Sunday, December 28, 2008

So the blogosphere reached out and bit me in the ass. My job as a journalist was unceremoniously put on hold after I was laid off from my copy editor positiion at a daily newspaper, and the Internet played at least a partial role (if not a prominent one) in the unlucky event. People more and more are getting news free of charge on the Internet and ad revenues at dailies are falling precipitously as a result. Since ads are all about eyes on the retailers' products, services, etc., and since many eyes are no longer falling on the pages of newspapers but, rather, on computer monitors, newspapers nationwide are scrambling to figure out how to redesign their offerings to appeal to the "wired" generation and its offspring. The problem is, the lines between news and entertainment are blurring more and more because publishers don't have a clue how to package news online, and are, therefore, relying on graphic designers and computer code writers to deliver the local, state, national and world news in an eye-catching way to Internet Web sites. Without subscription revenue and only ad dollars to support newspapers, when publishers go to the Web, retailers have all the clout and are even given editorial power because of the critical financial straits newspapers are in. In national newsrooms the buzz is about Internet models that grab as many "hits" as possible in as short a time period as possible. Content is superfluous or, at best, less comprehensive. The print news model today is about short, punchy sentences that deliver within two or three paragraphs the whole story. That's the new journalistic model. The old upside-down pyramid template for articles -- the nut graf within the first three or four paragraphs and relevant details ensuing -- has devolved into as pieces with as little detail as possible. Simply put, a good Net piece should read something like "Man killed on train platform by zebra. Police intend to investigate." End of piece. Oh, one might add a name if the person is famous or a public official, or if the publication has a rural, small-town readership that might recognize a community member's name. But that's about it.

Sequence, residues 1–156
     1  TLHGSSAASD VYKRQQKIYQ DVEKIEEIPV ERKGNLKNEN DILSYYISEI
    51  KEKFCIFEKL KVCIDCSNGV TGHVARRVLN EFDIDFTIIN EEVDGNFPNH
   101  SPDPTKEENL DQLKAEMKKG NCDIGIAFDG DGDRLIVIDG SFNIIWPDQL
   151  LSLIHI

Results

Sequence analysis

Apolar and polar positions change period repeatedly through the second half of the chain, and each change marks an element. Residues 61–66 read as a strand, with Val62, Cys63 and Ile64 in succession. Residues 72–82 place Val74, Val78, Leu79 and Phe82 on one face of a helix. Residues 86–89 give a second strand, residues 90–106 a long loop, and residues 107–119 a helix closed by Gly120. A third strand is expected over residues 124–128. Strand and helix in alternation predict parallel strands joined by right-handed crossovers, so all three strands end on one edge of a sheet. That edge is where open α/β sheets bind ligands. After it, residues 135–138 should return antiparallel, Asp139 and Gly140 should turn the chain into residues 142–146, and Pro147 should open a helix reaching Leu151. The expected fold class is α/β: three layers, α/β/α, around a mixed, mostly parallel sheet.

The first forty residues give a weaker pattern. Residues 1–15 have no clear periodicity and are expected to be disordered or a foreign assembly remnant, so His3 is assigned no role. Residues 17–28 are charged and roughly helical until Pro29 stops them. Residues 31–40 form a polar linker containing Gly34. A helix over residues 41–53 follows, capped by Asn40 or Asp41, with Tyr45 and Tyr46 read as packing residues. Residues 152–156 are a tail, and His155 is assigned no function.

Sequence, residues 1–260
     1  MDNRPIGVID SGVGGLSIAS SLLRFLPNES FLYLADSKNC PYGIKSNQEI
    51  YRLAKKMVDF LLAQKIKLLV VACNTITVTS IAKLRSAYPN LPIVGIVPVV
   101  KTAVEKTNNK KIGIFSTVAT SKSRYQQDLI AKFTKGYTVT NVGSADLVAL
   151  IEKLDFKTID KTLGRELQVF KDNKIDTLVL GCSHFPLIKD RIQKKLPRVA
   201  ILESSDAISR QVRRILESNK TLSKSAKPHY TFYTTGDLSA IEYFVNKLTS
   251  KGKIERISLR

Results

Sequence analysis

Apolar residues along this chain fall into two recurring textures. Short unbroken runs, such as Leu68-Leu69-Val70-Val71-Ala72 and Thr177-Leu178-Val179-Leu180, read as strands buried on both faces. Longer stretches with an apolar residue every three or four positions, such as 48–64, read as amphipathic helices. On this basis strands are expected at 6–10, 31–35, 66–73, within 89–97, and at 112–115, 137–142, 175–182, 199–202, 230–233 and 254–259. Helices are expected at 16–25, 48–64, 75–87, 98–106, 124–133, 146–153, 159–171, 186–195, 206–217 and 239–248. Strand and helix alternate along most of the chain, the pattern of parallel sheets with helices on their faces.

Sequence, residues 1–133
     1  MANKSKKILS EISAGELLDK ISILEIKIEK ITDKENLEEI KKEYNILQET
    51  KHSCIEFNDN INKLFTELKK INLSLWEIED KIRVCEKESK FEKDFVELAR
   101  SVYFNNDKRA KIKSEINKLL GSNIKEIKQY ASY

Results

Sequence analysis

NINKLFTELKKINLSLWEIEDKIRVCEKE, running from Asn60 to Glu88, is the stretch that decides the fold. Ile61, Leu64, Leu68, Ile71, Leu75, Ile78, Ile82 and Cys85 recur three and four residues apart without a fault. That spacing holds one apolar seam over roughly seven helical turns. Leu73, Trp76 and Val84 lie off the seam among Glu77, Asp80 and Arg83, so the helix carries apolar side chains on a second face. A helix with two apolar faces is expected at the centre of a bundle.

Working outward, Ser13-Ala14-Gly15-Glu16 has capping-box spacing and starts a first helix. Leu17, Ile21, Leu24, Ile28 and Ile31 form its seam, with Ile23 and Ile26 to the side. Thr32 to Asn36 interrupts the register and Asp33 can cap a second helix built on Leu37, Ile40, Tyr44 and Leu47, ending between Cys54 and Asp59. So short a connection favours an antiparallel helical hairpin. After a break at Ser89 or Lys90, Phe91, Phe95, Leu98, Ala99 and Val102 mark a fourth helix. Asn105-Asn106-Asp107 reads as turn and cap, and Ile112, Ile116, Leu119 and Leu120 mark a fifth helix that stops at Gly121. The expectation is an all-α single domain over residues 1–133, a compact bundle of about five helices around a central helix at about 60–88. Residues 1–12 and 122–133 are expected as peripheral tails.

Creative writing does not come into play. The aim is as many articles in as few words as possible with as many photos and graphics as possible. Volume, not content, is what counts. If one can get 100 stories a day in 100 sentences, well that's a Net bonanza! Especially if the packaging attracts a lot of eyes and the articles are easily digested.
And so it goes.
Nevertheless, the Web is a great tool and a wondrous asset for people who're looking for quick access to information about the world they live in or the activities that they align themselves with within a given community.
It's too bad that the pain of changing the journalistic model is going to affect so many good reporters, editors and photographers. I don't know what my future holds. I don't know if I'll continue in journalism or not. I have such a sour taste after my layoff that I'm a bit shaky on that score. But life will go on. And happiness spins around and round. And I will continue to blog, though it's more for mental exercise than anything else. I don't aim to inform anyone about anything. I'm just keeping my typing skill and thought processes active. Happy New Year!


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